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RE: Steel flitch plates

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A flitch plate design link is available here:

http://www.toolbase.org/Docs/MainNav/WoodFrameConstruction/2947_flitchplate.pdf?TrackID=0&CategoryID=1153&DocumentID=2947

But I interpret that these procedures ( I haven't read
cover to cover) are written for cases where the steel
is sandwiched inside, not for a steel-2x-2x-2x-steel
configuration.  Neglecting local plate buckling and
bearing concerns, the engineering should work in a
similar fashion as to the plate being sandwiched
inside.

Drilling a proper hole and hitting the hole in the
steel on the far side is also a concern.

Jim

--- Roger Davis <rdavis(--nospam--at)sdsarch.com> wrote:

> Wood Engineering and Construction Handbook by
> Faherty and Williamson has the
> design procedure in it.  The National Association of
> Home Builders has a
> document "Flitch Plate and Steel I-Beams" that has
> some information and some
> allowable load table for different designs.  I
> downloaded the document but
> did not mark down the location of their web site.
> 
> Roger C. Davis
> Architect
>  
>  
> 205 N. Dewey St.
> Eau Claire, WI 54703
> P (715) 832-1605
> F (715) 832-7850
>  
> 
> -----Original Message-----
> From: Jim Wilson [mailto:wilsonengineers(--nospam--at)yahoo.com] 
> Sent: Wednesday, July 27, 2005 7:46 PM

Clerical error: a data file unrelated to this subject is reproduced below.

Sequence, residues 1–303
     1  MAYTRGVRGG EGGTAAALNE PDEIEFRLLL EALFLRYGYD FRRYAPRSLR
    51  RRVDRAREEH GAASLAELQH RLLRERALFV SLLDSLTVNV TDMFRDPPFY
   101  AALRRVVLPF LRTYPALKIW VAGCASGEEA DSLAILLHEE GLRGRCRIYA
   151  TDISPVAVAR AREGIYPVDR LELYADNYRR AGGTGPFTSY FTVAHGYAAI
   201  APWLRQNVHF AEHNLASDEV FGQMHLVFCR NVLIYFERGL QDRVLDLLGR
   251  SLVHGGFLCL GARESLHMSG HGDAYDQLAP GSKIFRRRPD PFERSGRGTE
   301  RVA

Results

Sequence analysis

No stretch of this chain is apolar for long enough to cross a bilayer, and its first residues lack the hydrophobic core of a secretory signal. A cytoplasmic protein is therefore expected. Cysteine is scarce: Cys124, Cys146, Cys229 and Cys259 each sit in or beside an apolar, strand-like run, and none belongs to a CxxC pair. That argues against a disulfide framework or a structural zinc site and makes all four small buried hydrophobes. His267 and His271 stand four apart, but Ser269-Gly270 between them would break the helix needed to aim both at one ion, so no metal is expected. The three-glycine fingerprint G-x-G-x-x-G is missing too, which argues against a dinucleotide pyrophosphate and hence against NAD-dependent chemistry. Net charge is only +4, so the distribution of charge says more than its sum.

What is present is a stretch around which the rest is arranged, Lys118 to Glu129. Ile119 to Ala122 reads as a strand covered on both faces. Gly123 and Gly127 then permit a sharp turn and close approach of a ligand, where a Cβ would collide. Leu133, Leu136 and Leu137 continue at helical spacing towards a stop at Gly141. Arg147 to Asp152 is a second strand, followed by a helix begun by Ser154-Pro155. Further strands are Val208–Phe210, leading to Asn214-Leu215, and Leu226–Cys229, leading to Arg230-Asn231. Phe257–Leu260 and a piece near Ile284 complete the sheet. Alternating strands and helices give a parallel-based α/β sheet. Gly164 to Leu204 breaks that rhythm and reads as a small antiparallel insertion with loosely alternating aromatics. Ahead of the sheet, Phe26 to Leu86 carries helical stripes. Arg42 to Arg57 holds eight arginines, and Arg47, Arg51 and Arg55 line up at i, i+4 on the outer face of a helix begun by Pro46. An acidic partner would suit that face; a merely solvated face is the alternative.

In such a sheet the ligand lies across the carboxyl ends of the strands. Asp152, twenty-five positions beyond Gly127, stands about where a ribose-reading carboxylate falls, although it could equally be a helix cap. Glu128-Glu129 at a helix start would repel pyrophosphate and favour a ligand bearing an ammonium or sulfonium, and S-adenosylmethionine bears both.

> To: seaint(--nospam--at)seaint.org
> Subject: Steel flitch plates
> 
> I'm reviewing a design to strengthen an existing
> triple 2x wood beam by adding steel plates to the
> outside faces.  Buckling is a concern for plates in
> compression.  Bearing is also a concern because any
> capacity developed into the plates has to be
> balanced
> by a support reaction of the plates at the bearings.
> 
> If the plates do not bear on the support, then any
> load in the plates is transferred in and out of the
> members through bolt shear alone.
> 
> So, I've convinced myself this is not an acceptable
> detail.  However, its been done many times before
> and
> I'm just wondering if there aren't any old-school
> "design guides" that might indicate ways to properly
> bolt these plates in place so that they do actually
> support some load.  This might save me raining on my
> architect's parade.
> 
> The same question would also pertain to using steel
> channels, except that possible buckling would be
> much
> easier to eliminate.
> 
> Any thoughts would be appreciated.
> Jim Wilson, PE
> Stroudsburg PA
> 
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